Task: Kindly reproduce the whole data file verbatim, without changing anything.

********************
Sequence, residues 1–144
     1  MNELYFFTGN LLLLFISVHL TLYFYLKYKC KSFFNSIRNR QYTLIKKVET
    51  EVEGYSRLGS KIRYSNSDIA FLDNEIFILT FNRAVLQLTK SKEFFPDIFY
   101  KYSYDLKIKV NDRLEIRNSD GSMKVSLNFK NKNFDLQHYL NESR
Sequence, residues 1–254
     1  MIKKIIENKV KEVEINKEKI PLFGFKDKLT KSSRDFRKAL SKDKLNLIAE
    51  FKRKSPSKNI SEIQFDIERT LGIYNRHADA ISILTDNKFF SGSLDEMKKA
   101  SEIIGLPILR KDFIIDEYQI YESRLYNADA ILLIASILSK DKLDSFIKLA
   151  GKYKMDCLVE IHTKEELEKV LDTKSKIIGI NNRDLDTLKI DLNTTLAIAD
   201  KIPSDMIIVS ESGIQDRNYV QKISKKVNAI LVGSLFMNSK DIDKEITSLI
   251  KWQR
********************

Sequence, residues 1–144
     1  MNELYFFTGN LLLLFISVHL TLYFYLKYKC KSFFNSIRNR QYTLIKKVET
    51  EVEGYSRLGS KIRYSNSDIA FLDNEIFILT FNRAVLQLTK SKEFFPDIFY
   101  KYSYDLKIKV NDRLEIRNSD GSMKVSLNFK NKNFDLQHYL NESR
Sequence, residues 1–254
     1  MIKKIIENKV KEVEINKEKI PLFGFKDKLT KSSRDFRKAL SKDKLNLIAE
    51  FKRKSPSKNI SEIQFDIERT LGIYNRHADA ISILTDNKFF SGSLDEMKKA
   101  SEIIGLPILR KDFIIDEYQI YESRLYNADA ILLIASILSK DKLDSFIKLA
   151  GKYKMDCLVE IHTKEELEKV LDTKSKIIGI NNRDLDTLKI DLNTTLAIAD
   201  KIPSDMIIVS ESGIQDRNYV QKISKKVNAI LVGSLFMNSK DIDKEITSLI
   251  KWQR